Also, what if your signal goes bearish, stays there for 2 weeks and then goes bullish - does that negate the trade signal or do you always take the trade signal plus 3 weeks?

Thanks much.
T

Alex Roslin said...

Hi T,

Thanks for your questions. The simplest way I thought to do it is to sync the two signals on the latest signals table so it just shows the next-week signal. But if you check the spreadsheet, you'll see the formulas for each of the two signals reveal that week's signal, without any lag. The combined signal includes the lag.

Also, a signal in a following week doesn't negate the previous week's signal.

Regards,
Alex

Alex Roslin said...

Hi Rick,

Thanks for your message. There's not necessarily a need to delay the trade. I just found there was a reliable improvement in backtested results when I used a delay in some markets. Not in all, mind you. I'm not sure why this market effect would exist. I figure one reason is because it can take time for positioning by larger players to have an actual market impact.

Regards,
Alex

T said...

Thanks for the response Alex.

SO, am I to understand that you do not make public the std dev data for the other markets? I would understand if you did not but I just want to be sure so I do not continue to hunt on the site. I believe I have looked through every comment and response and post at least twice.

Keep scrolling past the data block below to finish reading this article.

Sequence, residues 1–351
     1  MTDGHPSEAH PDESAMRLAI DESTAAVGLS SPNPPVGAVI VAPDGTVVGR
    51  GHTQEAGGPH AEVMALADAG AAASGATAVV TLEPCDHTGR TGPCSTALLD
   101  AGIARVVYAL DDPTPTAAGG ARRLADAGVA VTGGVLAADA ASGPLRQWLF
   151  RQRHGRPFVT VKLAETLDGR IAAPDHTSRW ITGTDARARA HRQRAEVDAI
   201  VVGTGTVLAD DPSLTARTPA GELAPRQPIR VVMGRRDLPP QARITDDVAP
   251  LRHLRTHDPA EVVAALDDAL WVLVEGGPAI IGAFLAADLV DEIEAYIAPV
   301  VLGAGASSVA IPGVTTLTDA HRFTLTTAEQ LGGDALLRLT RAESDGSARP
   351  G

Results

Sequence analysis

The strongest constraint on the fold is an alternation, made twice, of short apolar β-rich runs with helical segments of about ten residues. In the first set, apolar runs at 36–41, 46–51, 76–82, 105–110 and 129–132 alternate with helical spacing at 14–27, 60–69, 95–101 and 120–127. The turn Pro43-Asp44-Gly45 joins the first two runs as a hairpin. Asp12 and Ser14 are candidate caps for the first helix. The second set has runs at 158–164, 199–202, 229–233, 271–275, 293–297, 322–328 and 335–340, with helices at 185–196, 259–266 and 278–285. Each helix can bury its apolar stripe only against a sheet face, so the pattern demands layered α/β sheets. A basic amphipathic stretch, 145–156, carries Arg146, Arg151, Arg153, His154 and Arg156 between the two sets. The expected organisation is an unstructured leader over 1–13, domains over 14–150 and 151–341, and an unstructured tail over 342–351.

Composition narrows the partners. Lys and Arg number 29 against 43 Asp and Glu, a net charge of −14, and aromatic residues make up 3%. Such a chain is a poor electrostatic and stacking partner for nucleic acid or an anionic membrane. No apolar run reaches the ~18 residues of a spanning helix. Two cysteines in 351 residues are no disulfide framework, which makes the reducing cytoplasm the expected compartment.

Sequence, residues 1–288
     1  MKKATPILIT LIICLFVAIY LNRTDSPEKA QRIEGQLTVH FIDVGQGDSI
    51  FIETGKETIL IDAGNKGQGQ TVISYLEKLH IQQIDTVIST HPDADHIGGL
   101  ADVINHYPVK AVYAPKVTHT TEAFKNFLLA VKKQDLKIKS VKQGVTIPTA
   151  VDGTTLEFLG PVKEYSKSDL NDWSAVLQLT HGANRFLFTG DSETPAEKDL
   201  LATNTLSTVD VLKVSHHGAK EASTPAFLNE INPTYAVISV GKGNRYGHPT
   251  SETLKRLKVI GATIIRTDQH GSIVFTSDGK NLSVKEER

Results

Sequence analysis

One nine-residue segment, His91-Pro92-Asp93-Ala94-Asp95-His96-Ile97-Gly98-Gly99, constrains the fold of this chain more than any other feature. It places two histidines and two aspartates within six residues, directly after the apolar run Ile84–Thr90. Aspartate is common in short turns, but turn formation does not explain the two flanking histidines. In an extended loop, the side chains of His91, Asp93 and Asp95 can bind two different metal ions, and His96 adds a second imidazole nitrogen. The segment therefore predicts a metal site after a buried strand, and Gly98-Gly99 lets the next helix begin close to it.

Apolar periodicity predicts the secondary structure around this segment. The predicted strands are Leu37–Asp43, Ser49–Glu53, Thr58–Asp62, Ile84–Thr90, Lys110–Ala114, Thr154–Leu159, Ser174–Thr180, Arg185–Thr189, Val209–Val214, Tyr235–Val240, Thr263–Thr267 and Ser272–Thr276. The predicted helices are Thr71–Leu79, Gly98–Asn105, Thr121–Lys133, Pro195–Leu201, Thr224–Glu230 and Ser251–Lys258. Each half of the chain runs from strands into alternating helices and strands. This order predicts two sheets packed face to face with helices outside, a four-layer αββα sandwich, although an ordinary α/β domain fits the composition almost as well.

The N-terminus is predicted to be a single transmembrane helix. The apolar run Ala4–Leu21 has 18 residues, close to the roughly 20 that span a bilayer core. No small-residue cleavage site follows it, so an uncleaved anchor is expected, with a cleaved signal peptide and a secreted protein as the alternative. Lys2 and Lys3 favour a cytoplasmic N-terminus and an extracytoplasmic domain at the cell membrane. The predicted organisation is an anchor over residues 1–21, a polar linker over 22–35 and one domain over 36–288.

Also, personally, what has your performance been since you started investing real dollars in 2007?
I ask this b/c I ran a quant fund that backtesting showed enormous returns but we could never duplicate them due to trading costs and entry points and exit points.

Thanks,
T

Alex Roslin said...

Hi again T,

That's incorrect. The parameter values for several other setups are available in my latest signals table notes - gold, NDX and the 10-year Treasury. But I would caution that I am refining all of those using detrended data and Monte Carlo testing, so I'm not trading any of those setups right now without combining them with technical indicators.

Regarding my own returns, I've revised my setups so many times as I've developed the setups that it's not relevant. As I mentioned, I've just started combining technical indicators for most setups because I learned of new steps that are quite important in testing.

Without knowing more details on your quant fund backtesting, it's hard for me to comment. Did your quant fund use detrended price data and Monte Carlo testing for the backtesting? What were the backtested results? What were your risk-control methods? How long did you trade it in real time before giving up?

Regards,
Alex

T said...

Alex,